Bruce Auster is NPR's Senior Director for the Collaborative Journalism Network. He is at the center of an effort to transform the public radio system and establish a new way for NPR and the newsrooms of hundreds of NPR Member Stations to work together.
Before taking on this effort, Bruce led NPR's National Security unit from 2008 to 2015. In that role, he directed NPR's coverage of international security issues from Washington—including stories involving the U.S. military and the intelligence community. Before that, Bruce was the Senior Supervising Editor of NPR's Morning Edition for five years, where he worked with Morning Editionhosts Steve Inskeep and Renee Montagne to bring listeners interviews with leading political, international, and cultural figures.
Before joining NPR, Auster spent sixteen years as a reporter and editor at U.S. News & World Report. He was the magazine's Pentagon correspondent for five years and also served as the magazine's White House correspondent during the first term of the Clinton administration.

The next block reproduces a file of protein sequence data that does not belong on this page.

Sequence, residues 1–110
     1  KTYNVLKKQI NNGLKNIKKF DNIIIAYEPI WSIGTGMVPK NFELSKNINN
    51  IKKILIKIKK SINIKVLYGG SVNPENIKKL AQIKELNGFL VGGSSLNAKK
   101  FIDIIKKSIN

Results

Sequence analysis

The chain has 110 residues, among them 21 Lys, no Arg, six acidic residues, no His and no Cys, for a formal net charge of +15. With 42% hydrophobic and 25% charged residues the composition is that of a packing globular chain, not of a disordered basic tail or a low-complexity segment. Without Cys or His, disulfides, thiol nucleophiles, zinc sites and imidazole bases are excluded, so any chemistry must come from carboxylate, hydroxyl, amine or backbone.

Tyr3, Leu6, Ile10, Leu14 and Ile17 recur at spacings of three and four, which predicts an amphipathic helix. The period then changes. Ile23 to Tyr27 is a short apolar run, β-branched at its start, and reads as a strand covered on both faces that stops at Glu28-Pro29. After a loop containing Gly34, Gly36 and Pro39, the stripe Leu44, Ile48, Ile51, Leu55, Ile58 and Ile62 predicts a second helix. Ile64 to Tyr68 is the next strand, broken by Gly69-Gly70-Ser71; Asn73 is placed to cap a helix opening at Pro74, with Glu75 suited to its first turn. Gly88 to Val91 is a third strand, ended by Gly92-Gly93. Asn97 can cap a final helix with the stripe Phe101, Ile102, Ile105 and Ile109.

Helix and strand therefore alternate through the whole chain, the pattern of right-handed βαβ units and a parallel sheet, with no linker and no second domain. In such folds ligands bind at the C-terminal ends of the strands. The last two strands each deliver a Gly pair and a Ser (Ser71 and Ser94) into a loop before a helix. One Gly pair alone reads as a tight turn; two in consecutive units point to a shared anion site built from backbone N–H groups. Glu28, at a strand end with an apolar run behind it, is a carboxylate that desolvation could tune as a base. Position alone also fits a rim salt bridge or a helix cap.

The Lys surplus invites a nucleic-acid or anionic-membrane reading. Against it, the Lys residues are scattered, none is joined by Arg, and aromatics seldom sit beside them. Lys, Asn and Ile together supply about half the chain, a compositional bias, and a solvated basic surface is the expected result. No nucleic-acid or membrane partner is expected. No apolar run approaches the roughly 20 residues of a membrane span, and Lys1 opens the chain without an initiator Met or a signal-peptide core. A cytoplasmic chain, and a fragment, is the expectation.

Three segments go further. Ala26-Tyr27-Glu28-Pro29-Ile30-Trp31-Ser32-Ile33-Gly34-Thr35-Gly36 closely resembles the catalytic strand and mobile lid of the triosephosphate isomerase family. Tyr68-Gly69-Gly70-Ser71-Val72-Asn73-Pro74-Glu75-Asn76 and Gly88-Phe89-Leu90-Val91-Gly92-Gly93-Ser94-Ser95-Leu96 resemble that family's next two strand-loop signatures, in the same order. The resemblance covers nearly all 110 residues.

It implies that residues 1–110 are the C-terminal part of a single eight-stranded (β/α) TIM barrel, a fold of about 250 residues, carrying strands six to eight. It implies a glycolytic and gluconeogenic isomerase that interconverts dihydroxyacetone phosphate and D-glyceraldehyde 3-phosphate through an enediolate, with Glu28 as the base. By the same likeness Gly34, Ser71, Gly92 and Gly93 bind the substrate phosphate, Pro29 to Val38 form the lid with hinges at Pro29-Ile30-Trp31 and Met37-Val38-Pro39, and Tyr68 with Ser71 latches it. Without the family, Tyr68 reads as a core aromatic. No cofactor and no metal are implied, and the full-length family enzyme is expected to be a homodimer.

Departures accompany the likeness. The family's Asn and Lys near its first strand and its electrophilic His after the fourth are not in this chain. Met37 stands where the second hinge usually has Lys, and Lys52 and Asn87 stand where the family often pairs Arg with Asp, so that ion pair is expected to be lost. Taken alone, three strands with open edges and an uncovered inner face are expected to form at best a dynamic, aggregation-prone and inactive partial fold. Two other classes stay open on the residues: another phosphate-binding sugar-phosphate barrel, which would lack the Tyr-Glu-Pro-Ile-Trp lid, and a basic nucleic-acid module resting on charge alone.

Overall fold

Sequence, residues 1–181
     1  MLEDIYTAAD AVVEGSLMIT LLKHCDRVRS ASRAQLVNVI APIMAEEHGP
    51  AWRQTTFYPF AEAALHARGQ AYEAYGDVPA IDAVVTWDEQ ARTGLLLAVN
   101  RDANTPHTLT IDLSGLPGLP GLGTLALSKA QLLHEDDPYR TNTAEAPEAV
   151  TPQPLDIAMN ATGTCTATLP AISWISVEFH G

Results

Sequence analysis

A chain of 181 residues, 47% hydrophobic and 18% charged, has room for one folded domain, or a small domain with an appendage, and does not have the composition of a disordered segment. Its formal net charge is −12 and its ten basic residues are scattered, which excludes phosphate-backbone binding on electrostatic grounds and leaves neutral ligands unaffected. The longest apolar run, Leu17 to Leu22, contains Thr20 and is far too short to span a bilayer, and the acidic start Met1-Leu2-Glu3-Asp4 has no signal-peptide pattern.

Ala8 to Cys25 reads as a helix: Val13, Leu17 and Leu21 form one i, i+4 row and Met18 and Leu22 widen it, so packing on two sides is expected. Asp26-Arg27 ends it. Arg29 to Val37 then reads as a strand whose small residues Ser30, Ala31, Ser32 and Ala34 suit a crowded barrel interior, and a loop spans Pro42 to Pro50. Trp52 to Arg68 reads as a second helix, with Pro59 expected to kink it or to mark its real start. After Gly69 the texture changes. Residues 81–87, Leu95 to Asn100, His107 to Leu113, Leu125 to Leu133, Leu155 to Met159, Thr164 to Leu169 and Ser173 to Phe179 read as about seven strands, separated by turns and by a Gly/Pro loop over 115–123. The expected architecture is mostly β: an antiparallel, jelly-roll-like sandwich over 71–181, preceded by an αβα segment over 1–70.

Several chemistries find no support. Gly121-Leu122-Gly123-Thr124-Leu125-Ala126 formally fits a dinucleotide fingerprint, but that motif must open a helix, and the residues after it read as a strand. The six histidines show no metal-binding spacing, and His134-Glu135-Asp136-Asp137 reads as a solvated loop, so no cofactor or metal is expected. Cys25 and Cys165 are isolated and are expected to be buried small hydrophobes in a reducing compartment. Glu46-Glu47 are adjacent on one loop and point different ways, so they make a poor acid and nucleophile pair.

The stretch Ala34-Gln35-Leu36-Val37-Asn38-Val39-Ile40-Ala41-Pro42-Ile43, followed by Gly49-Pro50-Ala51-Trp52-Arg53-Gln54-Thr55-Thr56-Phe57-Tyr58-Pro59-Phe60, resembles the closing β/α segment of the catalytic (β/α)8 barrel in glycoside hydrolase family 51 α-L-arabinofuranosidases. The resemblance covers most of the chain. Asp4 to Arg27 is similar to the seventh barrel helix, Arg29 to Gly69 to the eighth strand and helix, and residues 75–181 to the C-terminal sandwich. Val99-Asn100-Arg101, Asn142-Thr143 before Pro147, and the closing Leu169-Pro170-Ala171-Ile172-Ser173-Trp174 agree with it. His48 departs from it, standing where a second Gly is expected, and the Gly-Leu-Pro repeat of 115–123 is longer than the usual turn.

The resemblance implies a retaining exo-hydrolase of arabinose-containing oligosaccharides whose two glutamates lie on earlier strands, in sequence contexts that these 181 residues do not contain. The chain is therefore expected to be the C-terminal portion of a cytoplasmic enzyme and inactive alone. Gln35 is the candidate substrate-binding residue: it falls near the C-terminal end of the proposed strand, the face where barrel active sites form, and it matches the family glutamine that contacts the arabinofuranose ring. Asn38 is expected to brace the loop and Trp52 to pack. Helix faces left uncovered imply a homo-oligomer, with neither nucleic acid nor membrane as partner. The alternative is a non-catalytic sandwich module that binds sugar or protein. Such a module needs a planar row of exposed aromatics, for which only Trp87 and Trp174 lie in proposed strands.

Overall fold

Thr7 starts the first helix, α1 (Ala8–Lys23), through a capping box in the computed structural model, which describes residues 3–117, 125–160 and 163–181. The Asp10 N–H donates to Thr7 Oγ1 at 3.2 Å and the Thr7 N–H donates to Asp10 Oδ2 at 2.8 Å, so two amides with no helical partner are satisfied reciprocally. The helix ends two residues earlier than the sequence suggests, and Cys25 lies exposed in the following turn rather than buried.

He is a graduate of Northwestern University and Harvard University's Kennedy School of Government.
As a kid, NPR editor Bruce Auster loved to record his family talking. A snippet of tape captured by chance on a long-ago December night marked a moment before cancer changed everything for his family.
Abu Hamza, an Islamic cleric alleged to have started an al-Qaida camp in the U.S., has been convicted on terrorism charges in a New York courtroom.
ANALYSIS: The threats are coming almost daily. But put what's being said by North Korean leaders in context, and remember, we've heard this before. Still, war on the Korean peninsula would be disastrous. So the talk can't be dismissed.